The proposed £31.40 billion joint venture between Liberty Global PLC's Virgin Media and Telefónica UK Ltd., doing business as O2, is set to complete by mid-2021 and is Europe's first major telecom M&A deal since the beginning of the COVID-19 crisis. It came ahead of the General Court of the European Union's May decision to rescind the European Commission's decision to block O2's attempt to merge with Hutchison 3G UK Ltd., or Three, in 2016 and marks a major turning point in the drive to further consolidation. Europe's telecom sector has struggled to perform for years on the back of failed global ambitions as well as heavy, restrictive regulation that led to hypercompetitive markets with low margins and a drag on future investments.
Telefónica SA had attempted to divest O2 in 2014, holding talks with British Telecom, which later acquired EE Ltd. A year later, Three's £10.25 billion bid for O2 failed as the EC blocked the deal. The EC reasoned that an O2-Three deal would remove a key mobile competitor, leading to fewer offers for consumers from mobile network owners Vodafone Group PLC and BT's EE and consequently raise the cost of mobile services in the U.K. Other issues the EC considered included the impact on the quality of services and mobile network development, including the prospect of fewer MVNOs.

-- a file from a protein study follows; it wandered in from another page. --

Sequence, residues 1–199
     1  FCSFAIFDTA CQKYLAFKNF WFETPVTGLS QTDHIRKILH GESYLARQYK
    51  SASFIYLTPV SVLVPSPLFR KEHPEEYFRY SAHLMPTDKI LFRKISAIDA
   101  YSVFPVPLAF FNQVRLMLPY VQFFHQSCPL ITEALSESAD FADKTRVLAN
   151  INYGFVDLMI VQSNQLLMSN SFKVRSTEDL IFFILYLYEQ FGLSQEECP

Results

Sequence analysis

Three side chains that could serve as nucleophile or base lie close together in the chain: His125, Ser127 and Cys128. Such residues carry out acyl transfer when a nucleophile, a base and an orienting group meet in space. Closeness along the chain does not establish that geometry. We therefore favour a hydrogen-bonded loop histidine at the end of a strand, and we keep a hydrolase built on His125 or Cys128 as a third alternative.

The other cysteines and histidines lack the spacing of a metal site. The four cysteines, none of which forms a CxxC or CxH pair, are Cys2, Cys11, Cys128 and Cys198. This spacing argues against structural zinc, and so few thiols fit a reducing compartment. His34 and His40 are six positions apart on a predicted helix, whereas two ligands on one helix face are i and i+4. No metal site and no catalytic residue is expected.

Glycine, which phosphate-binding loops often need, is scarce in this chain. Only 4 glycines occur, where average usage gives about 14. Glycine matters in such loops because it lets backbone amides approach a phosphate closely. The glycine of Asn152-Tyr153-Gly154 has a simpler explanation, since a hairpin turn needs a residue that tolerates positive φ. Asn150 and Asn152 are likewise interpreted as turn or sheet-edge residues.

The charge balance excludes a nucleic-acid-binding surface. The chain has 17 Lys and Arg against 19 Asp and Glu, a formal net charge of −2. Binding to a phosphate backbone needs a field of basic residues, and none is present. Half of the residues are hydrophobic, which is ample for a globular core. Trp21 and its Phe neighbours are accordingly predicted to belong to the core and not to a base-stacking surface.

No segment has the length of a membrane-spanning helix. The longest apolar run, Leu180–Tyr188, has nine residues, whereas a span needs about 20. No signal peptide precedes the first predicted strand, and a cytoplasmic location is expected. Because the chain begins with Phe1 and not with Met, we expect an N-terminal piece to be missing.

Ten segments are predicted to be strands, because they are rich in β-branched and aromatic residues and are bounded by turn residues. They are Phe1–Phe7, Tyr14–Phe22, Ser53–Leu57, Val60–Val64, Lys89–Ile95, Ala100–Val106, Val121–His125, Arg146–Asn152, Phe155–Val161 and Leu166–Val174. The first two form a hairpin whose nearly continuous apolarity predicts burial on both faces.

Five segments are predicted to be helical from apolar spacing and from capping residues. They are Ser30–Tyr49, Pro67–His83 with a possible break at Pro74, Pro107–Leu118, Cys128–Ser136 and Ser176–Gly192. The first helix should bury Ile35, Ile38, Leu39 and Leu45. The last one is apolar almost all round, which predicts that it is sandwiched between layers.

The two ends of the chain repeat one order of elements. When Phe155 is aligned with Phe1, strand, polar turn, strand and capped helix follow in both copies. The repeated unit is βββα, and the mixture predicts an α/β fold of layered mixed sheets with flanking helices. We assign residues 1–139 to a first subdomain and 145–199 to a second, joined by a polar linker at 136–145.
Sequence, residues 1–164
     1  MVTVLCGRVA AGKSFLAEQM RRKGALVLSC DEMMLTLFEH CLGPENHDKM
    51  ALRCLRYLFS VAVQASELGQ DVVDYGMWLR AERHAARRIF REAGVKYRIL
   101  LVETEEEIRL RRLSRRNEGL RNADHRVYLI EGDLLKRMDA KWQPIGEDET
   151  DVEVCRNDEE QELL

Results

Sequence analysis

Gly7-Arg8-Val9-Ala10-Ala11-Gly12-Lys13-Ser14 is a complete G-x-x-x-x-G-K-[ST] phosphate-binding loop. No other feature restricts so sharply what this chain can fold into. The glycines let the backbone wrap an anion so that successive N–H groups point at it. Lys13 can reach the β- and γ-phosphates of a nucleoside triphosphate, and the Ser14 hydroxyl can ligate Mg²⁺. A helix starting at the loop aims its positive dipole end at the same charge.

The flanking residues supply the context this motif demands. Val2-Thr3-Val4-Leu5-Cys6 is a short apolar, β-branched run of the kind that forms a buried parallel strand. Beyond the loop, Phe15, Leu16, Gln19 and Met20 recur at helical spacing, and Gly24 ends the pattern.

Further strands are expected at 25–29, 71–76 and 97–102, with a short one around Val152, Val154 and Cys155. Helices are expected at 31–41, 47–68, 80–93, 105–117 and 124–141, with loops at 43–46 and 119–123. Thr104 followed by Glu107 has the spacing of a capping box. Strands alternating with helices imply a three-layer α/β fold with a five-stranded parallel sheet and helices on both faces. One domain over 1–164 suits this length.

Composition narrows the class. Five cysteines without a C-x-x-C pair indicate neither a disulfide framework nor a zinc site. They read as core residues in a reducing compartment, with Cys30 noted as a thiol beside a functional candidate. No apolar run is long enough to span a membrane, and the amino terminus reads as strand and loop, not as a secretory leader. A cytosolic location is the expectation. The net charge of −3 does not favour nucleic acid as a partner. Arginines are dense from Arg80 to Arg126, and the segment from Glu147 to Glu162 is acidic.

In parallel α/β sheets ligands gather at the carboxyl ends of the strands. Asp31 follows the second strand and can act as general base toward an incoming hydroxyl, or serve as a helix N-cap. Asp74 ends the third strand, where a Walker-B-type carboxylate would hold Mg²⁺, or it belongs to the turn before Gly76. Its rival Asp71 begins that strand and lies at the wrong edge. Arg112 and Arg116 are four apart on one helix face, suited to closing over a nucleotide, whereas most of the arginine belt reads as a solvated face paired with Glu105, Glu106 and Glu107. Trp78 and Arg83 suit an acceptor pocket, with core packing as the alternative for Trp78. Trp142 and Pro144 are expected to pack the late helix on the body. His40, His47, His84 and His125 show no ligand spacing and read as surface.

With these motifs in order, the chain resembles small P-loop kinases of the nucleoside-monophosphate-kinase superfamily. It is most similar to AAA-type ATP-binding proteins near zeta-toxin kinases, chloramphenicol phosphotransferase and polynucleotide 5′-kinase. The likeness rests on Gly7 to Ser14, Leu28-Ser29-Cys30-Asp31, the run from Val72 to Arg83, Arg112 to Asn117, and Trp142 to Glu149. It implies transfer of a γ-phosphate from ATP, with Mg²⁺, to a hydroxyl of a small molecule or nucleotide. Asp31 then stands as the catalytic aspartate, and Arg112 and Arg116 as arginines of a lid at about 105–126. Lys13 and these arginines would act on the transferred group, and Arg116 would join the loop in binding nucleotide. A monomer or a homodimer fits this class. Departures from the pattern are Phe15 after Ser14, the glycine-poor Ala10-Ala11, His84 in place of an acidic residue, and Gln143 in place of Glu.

The Court ruled that the arguments were not "to the requisite legal standard" with the competition authority making "several errors of law and of assessment." The idea that many of the region's regulators have previously held to, the need to maintain four mobile network operators in each market to maintain effective competition and services, has broken down.
Only six MNOs, or licensed spectrum owners, remain without any fixed-line services in Western Europe: Hutchison's Three operations in the U.K., Ireland, Sweden and Denmark; Ice Group ASA in Norway; and Iliad Italia SpA in Italy. Many of the region's mobile markets have consolidated to three MNOs — Belgium, the Netherlands, Italy, Germany, Portugal, Switzerland, Finland and Norway — and remain highly concentrated markets. In other regions, several major markets operate effectively with three MNOs in China, Japan, the U.S., Turkey and South Korea.